Three teams that must…improve their midfield

The summer transfer window is well and truly open, with a number of clubs having already secured high profile signings, while others face the prospect of adjusting to losing their star players.

Having already examined which teams should be prioritising defensive recruits before the beginning of the new season, let’s move on to focus on those teams that based on their performance last season, are most in need of an injection of midfield creativity.

1. Aston Villa

Fans of Aston Villa endured another decidedly mixed season in 2013/14, beginning with a win at the Emirates, but ending with 4-0 and 3-0 defeats the Manchester City and Tottenham Hotspur respectively. A 15th place finish, just five points clear of relegation, hardly represented progress for the West Midlands club, and with turmoil behind the scenes now growing, it is hard to be optimistic ahead of the new campaign.

If the Villains are to improve, then increasing their ability to create chances will be vital. Ironically the performances of Ashley Westwood and Fabian Delph have been identified as highlights of an otherwise uninspiring campaign. Yet because Lambert has regularly deployed a counter attacking style while in charge of Aston Villa, their work has overwhelmingly taken place within their own half.

Nevertheless, even taking this approach into account, the chance creation statistics from last season make grim reading. Of the teams that survived in the league last season, only four created fewer chances than Aston Villa. Most worryingly of all, no team (even those relegated) created fewer chances inside the opposition’s penalty box (209 across the season, compared to a league average of 285).

That means that less than half of the meager number of chances Aston Villa did create were within the range that you might reasonably expect a genuine goal scoring chance to result.

Villa fans may hope that new signing Joe Cole can somehow reclaim the form that saw him star for England and Chelsea in seasons goneby and provide renewed purpose to the Villa midfield. But the team’s best hope almost certainly lies in finding a new owner prepared to invest significant resources in new midfield recruits capable of providing strikers Benteke and Kozev with the chances they need to thrive.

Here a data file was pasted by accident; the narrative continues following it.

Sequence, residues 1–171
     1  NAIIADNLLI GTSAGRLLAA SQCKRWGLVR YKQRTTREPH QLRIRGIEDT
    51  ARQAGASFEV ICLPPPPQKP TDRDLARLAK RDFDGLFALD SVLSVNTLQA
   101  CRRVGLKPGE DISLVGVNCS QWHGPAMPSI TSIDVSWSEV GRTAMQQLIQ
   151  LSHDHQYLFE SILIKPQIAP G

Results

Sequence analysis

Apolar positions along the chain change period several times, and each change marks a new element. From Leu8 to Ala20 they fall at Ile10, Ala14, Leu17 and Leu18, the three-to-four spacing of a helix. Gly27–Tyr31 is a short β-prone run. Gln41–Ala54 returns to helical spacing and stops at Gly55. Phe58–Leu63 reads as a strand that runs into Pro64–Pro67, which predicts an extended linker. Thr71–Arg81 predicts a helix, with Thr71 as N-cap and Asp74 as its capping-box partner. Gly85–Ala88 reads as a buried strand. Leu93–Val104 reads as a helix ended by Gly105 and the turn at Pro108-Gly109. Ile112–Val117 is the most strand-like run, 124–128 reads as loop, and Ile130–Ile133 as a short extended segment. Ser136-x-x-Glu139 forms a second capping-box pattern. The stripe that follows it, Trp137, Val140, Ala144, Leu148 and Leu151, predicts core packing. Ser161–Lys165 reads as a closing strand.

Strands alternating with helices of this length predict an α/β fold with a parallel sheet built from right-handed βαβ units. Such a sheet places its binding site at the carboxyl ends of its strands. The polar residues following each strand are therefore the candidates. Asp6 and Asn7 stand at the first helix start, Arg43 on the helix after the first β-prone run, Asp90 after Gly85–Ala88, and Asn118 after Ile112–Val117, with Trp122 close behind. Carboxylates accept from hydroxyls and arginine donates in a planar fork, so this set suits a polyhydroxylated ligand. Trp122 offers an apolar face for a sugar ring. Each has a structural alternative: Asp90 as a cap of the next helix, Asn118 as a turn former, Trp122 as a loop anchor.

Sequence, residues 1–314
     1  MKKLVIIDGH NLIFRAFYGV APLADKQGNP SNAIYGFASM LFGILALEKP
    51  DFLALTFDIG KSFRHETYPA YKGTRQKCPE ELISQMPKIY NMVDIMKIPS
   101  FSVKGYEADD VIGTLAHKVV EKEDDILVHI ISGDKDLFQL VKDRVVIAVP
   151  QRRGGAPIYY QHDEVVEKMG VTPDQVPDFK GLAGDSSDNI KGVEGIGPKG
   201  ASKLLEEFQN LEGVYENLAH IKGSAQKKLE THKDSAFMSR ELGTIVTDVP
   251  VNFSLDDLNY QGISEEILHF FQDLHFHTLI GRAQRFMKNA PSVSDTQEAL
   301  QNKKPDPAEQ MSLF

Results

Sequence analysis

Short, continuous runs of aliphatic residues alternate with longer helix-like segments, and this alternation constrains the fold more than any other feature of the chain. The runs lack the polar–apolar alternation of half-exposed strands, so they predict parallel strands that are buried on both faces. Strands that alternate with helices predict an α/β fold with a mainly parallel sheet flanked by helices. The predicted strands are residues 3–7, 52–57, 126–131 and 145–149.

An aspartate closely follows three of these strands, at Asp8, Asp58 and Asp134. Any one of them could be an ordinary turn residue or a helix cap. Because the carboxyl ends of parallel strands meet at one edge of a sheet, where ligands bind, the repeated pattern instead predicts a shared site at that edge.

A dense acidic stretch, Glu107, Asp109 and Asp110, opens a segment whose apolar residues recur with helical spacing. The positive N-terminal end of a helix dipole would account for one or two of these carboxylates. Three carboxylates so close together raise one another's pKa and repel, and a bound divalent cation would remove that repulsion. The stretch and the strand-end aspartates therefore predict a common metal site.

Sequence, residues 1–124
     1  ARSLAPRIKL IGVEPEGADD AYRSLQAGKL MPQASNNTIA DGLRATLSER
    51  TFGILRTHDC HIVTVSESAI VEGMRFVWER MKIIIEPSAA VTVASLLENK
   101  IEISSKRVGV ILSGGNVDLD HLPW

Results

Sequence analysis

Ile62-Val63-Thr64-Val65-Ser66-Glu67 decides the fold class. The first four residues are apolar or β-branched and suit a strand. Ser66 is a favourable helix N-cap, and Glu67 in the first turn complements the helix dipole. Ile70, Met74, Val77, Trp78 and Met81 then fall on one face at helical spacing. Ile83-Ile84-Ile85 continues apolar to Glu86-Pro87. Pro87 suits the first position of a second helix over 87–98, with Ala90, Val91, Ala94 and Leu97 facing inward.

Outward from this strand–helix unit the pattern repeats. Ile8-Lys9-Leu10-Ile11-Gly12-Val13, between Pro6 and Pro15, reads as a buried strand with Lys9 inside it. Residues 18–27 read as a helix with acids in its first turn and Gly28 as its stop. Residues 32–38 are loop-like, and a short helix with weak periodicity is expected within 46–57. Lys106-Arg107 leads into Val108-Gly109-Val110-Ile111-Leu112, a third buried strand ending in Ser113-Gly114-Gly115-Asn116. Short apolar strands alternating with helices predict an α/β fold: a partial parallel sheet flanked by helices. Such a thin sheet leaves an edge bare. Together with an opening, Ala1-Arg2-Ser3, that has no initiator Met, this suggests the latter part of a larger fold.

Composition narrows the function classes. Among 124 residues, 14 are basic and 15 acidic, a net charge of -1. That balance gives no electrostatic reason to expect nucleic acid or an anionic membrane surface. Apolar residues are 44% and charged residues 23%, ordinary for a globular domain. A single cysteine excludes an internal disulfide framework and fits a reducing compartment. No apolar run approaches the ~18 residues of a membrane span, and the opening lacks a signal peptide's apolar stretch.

2. Newcastle

Puzzled as to why Newcastle have already sprung into action this summer and snapped up not one, but two creative midfielders? Assuming it’s just because they lost Yohan Cabaye to Paris Saint Germain last January and had plenty of money for a replacement? You’d only be partially correct. The truth is that even with Cabaye in their side, last season Alan Pardew endured all kinds of problems getting his midfield and forward line to work together effectively.

A summary look at the stats would indicate the biggest problem on Tyneside was profligacy on behalf of Papiss Cisse, Shola Ameobi and Loic Remy. After all, only Chelsea, Manchester City, Liverpool and Tottenham created more chances than the Magpies last season, as they registered over 580 shots at goal over the course of the campaign. But this paints a hugely misleading picture – the quality of shots was not the biggest problem; rather, the quality of the chances themselves.

Dig deeper into the data, and you find that Newcastle created the lowest proportion of their chances within the opposition penalty area (46%) of all Premier League teams last season. Regulars at St James’ Park will have long grown tired of seeing Hatem Ben Arfa and Moussa Sissoko hammering the ball from distance in the hope something will fly into the top corner. Neither were successful very often, and nor were they ever likely to be.

In recruiting Siem De Jong and Remy Cabella so early in the summer it is clear that Alan Pardew recognises this deficiency in his side’s play, and both stand a very good chance of improving matters across the Newcastle midfield.

3. Tottenham Hotspur

Even by Spurs’ standards, 2013/14 was a year of high drama for the North London club. Losing talisman Gareth Bale, recruiting seven high profile signings, dispensing with manager Andres Villas Boas before Christmas, appointing (and then undermining) Tim Sherwood in his stead, and missing out on Champions League football once again, it’s fair to say there were more downs than ups.

All of which means new manager Mauricio Pochettino has his work cut out for him. Close to the top of his agenda must be improving the kind of chances the Spurs’ midfield creates next season. Like Newcastle, Tottenham had plenty of shots on goal last season but from far too far from goal to realistically worry the opposition goalkeeper.

They had far fewer shots within the opposition penalty box than any of their rivals for a top four berth (294 compared to 332 for Arsenal, 371 for Liverpool, 383 for Chelsea, and a quite incredible 455 for Manchester City). This partially reflects an over reliance on the kind of long range efforts players like Andros Townsend and to a lesser extent Christian Eriksen “specialise” in, as well limited movement in attacking areas to support Adebayor.

Unlike Newcastle, Spurs have yet to make any significant moves in the transfer market this summer. Having spent so much during the last summer, only to see so many players disappoint, no doubt Daniel Levy is at least in part hoping a change of tactical style can sufficiently improve the performances of Erik Lamela, Paulinho and Chadli to reduce the need for further spending on this part of the team in the weeks ahead.

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